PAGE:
I’m not an angry or aggressive person; in fact I hope most people that know me would say that I was quite laid back. I think I was angry with myself for shouting at the pair of them and was now funnelling my frustration through the accelerator pedal. As I came through the final main roundabout, leaving Southport, I saw the road stretch out before me and it was perfect. It was a beautiful; sunny morning, the road looked as if it had just been resurfaced, and it was traffic free, well; on my side of the road at least, so I floored the car. It was brilliant and I gritted my teeth as the speed dial crept up, yee har. By the time I reached the crematorium I was hitting one hundred and twenty miles per hour in a forty mile per hour zone. I was surrounded by graveyards, and dead people, so couldn’t see who would be affected by excessive speed when I noticed the oncoming traffic flashing their headlights at me. I immediately took my foot off the accelerator and began to stand on the foot brake.
I managed to get the car down to around sixty five by the time the police caught me on their fecking speed camera. The only thing worse than having a copper fine you for speeding is having someone who looks like an eighteen year old copper fine you for speeding. It’s only one of the drawbacks of being a good ol boy. Overall it was a great time at Lugga Bus. The vehicle was fantastic as a family vehicle, the job was ridiculously simple and I got masses of writing completed, also having access to the fax machines and an unlimited supply of office equipment, was welcome, as we were still pre internet and I was hoping to land my first client, as we say in the trade, Stateside. Perhaps the best thing about Lugga Bus was the people, the passengers, they all wanted to get to the airport on time, or get home in double quick time, so they would show me short cuts. It ended up with me knowing every back road in Lancashire, which of course allowed me and the family to explore the more out of the way places and events.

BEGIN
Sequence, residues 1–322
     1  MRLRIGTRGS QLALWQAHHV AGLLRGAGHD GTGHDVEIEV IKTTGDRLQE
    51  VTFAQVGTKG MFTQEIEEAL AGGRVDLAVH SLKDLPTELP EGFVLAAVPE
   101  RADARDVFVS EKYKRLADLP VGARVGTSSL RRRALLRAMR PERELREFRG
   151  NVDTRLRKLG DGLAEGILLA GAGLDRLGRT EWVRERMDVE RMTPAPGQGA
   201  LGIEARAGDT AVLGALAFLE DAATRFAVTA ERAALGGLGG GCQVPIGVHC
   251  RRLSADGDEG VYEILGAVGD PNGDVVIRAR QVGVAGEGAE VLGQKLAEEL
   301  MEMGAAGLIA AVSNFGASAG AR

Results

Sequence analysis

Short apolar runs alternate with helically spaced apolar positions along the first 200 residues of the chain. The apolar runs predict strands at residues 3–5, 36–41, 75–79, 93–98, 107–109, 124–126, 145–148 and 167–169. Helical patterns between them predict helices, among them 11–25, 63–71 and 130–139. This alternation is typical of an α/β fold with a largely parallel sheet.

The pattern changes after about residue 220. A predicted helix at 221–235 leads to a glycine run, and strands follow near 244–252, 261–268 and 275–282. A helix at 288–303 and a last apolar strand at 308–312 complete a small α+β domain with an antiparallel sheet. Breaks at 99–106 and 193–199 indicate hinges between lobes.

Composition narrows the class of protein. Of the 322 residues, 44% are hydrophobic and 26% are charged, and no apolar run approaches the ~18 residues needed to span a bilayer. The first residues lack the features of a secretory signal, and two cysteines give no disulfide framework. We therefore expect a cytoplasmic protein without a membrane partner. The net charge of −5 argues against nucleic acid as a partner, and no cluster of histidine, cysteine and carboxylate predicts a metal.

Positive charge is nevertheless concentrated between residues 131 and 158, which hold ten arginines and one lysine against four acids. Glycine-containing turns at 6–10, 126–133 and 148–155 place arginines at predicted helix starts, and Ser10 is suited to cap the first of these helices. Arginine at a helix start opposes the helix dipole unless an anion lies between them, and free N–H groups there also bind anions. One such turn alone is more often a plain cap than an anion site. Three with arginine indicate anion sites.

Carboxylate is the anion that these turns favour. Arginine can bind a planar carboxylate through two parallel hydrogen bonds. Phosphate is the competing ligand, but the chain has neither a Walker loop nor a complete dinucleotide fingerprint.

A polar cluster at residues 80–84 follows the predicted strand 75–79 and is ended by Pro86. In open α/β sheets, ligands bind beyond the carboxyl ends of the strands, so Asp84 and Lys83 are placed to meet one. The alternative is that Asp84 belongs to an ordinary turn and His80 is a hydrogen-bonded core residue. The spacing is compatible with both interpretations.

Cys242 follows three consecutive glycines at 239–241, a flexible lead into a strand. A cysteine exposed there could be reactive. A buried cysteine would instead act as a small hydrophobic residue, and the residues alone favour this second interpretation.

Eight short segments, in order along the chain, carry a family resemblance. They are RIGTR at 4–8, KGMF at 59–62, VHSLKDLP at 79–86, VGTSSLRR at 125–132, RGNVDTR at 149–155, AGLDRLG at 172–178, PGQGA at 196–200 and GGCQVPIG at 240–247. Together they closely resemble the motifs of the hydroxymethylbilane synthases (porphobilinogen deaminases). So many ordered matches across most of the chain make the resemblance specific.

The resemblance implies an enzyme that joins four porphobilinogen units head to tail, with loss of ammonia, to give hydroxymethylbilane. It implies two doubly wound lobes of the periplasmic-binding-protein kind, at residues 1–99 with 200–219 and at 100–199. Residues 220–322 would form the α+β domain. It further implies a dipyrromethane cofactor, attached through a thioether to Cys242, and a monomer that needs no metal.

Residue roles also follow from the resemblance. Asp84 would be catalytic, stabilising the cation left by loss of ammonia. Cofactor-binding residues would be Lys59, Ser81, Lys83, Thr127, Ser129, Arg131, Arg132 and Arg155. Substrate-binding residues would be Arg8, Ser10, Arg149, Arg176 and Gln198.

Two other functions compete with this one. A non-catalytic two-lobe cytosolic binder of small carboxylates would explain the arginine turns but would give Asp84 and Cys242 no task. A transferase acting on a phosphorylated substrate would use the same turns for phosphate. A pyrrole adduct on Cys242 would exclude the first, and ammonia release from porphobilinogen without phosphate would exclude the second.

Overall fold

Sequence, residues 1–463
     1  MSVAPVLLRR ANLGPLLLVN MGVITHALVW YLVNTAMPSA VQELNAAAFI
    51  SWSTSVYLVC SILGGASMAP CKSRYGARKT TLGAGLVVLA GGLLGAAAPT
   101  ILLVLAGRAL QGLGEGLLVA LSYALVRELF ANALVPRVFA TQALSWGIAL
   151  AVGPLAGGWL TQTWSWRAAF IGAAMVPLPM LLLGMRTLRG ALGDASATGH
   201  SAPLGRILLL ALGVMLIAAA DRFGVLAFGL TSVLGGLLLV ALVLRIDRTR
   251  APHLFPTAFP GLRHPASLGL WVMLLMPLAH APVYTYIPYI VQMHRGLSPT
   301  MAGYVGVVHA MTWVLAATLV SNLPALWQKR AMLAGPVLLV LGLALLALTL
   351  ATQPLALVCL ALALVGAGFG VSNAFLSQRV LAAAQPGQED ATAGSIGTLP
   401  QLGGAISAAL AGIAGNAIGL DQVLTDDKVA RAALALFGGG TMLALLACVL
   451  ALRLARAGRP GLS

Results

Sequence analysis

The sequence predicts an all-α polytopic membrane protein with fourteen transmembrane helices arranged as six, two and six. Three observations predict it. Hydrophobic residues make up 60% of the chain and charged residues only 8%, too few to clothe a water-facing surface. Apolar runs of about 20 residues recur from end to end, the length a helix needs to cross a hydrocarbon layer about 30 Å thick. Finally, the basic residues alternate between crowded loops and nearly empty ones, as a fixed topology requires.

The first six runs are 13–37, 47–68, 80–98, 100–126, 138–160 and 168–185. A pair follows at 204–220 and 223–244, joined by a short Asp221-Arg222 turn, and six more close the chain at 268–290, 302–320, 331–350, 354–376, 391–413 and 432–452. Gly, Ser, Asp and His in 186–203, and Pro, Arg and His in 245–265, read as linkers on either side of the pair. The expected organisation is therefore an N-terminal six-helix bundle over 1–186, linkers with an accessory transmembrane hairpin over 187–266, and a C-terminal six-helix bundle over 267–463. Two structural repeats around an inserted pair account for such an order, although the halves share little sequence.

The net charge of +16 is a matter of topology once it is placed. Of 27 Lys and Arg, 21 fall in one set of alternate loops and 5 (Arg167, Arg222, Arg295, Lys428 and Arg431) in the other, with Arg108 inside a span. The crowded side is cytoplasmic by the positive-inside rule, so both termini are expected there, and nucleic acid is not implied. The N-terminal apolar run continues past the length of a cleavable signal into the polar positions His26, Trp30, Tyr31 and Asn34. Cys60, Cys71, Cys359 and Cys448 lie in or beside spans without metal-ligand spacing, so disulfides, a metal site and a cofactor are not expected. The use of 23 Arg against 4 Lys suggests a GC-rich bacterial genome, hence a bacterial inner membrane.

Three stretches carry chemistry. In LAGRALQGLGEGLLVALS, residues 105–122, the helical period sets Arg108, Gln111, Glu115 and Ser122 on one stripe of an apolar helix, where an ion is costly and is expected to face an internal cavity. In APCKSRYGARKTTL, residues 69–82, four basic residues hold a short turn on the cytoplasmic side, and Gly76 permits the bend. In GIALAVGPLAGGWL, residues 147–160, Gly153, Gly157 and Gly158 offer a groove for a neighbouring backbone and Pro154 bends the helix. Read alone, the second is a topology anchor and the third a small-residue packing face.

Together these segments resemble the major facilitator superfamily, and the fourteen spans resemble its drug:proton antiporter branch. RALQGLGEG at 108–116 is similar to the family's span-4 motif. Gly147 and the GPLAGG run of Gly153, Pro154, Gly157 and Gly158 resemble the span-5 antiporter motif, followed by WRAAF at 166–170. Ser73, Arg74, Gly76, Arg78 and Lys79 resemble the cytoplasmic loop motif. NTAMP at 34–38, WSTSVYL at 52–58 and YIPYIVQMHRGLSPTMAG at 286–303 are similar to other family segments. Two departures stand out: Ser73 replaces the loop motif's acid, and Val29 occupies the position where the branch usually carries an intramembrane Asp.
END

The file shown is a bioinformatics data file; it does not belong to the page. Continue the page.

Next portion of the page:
I never thought about it coming to an end or leaving the job. I suppose once I was an established writer I would have left not just Lugga Bus but England, so that was my goal. Sometimes these things are done for us so I arrived one Friday night for my night shift. I pulled up as normal outside the office and didn’t think it strange that the office door was locked. I had my own set of keys and expected that Ray was out on a job somewhere. I can remember standing at the door thinking it strange that someone had attached a heavy duty hasp and staple door lock to the front door of the office along with a huge fecking padlock. Idiot that I am I still opened the normal locks on the door then began to read the letter, enclosed in the plastic wallet, that was attached to the front door. The tax man had taken over Lugga Bus and the company was now in receivership. It really did take a couple of minutes for the facts to sink in but as I walked away from the front door I didn’t really think about why no one had bothered to tell me, because it sounded as if all the telephones inside were ringing, all I could think of was who was going to tell all the poor stranded passengers at the airport.